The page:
Fluid Dynamics Seminar
Wednesday, March 24, 2010, 4:00 PM
Cullimore Hall 611
New Jersey Institute of Technology
Protein assemblies at flowing interfaces: 2D crystallization and amyloid formation
Amir H. Hirsa
Dept. Mechanical Engineering, Rensselaer Polytechnic Institute
The ability to utilize detailed knowledge of the structure of proteins and to define their interactions with ligands has enabled many advances in our understanding of biological systems and the rational design of new drugs. However, the most powerful techniques for obtaining detailed description of the protein structure require that the protein first be crystallized. In contrast to growing 3D protein crystals in the bulk, 2D protein crystallization greatly simplifies both the theoretical and experimental aspects of protein studies. Here, we report on 2D protein crystallization observed under conditions where in the absence of flow, crystallization fails to occur. Even under conditions where crystallization does occur in quiescent systems, we have found that flow can accelerate the crystallization process. Through experiments and comparisons with numerical simulations, we have correlated the enhancement with large shear in the plane of the interface. We will also report on experimental observations of the effects of flow on amyloid formation process; amyloid fibril formation has been implicated in several diseases such as Alzheimers and Huntingtons.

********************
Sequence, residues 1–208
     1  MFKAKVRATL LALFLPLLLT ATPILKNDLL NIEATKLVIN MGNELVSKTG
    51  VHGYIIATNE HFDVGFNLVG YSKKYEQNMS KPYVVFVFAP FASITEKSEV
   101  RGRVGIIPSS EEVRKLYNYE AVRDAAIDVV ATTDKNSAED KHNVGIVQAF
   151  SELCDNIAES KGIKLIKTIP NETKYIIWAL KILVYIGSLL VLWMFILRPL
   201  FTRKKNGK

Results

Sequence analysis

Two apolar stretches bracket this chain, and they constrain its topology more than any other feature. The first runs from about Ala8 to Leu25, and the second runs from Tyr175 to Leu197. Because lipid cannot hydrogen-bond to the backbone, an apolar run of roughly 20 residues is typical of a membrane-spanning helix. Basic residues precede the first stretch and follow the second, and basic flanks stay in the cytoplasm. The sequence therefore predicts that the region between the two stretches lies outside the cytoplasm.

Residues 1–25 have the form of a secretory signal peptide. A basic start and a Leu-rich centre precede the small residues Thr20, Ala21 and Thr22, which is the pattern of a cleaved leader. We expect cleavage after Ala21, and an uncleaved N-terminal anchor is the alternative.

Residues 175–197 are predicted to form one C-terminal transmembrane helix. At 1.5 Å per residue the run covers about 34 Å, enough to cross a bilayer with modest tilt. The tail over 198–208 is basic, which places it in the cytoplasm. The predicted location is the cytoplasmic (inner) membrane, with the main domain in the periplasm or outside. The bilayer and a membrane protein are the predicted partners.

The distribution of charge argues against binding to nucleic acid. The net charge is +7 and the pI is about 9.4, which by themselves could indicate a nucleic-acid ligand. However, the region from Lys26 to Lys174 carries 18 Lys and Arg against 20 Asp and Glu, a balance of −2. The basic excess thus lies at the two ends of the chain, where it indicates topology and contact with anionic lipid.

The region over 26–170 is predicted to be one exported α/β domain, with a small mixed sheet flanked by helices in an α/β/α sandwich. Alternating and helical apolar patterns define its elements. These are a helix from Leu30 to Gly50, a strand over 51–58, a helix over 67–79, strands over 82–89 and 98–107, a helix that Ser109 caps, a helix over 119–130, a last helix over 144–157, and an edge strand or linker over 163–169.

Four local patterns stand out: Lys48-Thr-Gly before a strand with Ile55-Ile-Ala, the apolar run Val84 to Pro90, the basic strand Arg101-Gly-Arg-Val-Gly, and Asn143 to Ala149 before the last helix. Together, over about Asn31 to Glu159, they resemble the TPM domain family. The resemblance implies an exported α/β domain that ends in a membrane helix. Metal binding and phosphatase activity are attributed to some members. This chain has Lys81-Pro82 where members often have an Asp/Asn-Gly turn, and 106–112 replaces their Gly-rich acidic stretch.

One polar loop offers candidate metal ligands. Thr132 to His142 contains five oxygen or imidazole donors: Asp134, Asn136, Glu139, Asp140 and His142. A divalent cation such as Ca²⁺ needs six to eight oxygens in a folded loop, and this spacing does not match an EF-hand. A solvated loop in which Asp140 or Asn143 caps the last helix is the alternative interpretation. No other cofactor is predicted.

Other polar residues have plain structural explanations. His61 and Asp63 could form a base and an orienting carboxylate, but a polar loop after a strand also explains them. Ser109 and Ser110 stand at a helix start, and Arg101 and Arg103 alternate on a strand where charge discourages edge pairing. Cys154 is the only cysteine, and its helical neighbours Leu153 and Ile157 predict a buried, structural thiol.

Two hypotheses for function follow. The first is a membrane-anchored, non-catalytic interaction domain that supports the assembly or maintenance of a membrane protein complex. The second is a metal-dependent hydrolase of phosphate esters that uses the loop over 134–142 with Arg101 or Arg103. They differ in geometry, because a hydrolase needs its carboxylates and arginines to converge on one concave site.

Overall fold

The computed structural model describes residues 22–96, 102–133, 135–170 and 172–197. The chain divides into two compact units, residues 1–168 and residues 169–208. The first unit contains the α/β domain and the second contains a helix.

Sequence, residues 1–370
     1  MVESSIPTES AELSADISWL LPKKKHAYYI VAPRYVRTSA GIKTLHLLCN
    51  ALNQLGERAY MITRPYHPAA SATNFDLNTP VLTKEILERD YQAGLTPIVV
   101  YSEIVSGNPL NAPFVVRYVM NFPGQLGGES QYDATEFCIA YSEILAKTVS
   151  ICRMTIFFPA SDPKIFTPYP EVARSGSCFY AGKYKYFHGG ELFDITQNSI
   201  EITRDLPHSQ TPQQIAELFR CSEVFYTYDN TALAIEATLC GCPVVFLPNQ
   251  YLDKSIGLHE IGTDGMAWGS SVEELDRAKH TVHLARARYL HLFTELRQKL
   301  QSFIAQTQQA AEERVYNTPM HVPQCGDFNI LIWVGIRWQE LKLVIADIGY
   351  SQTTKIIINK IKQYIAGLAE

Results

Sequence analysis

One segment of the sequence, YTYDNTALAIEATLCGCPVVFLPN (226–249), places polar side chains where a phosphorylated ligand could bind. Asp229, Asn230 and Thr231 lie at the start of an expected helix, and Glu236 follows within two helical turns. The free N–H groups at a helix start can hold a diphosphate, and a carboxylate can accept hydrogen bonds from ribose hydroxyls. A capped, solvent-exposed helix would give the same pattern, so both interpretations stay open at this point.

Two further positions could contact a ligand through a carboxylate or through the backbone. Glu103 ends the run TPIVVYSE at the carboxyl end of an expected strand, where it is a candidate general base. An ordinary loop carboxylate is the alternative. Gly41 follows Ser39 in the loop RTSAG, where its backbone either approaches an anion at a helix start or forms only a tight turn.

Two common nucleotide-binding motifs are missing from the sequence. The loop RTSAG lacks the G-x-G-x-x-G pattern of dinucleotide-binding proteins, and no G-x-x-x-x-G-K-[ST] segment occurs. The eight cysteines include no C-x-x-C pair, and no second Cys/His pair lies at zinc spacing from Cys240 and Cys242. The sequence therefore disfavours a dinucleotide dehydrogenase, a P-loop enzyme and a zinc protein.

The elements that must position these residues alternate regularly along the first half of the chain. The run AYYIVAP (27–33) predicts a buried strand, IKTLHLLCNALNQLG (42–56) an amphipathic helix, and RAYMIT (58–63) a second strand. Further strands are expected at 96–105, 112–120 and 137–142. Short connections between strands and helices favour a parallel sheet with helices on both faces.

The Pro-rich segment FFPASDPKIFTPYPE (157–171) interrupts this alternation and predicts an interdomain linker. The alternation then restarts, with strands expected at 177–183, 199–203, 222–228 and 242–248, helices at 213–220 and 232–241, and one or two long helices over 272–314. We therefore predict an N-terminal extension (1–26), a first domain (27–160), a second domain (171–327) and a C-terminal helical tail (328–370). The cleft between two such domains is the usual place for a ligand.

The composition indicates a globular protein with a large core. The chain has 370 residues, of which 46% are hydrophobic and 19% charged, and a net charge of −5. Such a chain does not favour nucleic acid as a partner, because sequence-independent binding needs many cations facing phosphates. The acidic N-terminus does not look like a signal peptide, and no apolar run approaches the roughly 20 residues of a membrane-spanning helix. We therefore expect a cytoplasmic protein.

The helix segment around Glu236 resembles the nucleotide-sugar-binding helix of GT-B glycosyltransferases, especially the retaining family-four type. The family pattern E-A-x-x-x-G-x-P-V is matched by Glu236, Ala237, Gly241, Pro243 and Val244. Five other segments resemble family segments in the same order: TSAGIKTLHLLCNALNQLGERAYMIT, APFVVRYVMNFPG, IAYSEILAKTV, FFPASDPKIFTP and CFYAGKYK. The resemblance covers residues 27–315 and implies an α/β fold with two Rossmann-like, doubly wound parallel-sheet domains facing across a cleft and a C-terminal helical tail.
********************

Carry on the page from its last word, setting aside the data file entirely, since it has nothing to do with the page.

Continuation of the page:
Amir Hirsa received his undergraduate degree from San Jose State University and went on to receive his MS and PhD at the University of Michigan, working with the late Bill Willmarth. He has been at RPI throughout his professional career, now a Professor in the department of Mechanical Engineering with a joint appointment in the department of Chemical & Biological Engineering. He is an experimenter by training and his interests are primarily in problems of interfacial flow, including monolayer hydrodynamics and capillary instability.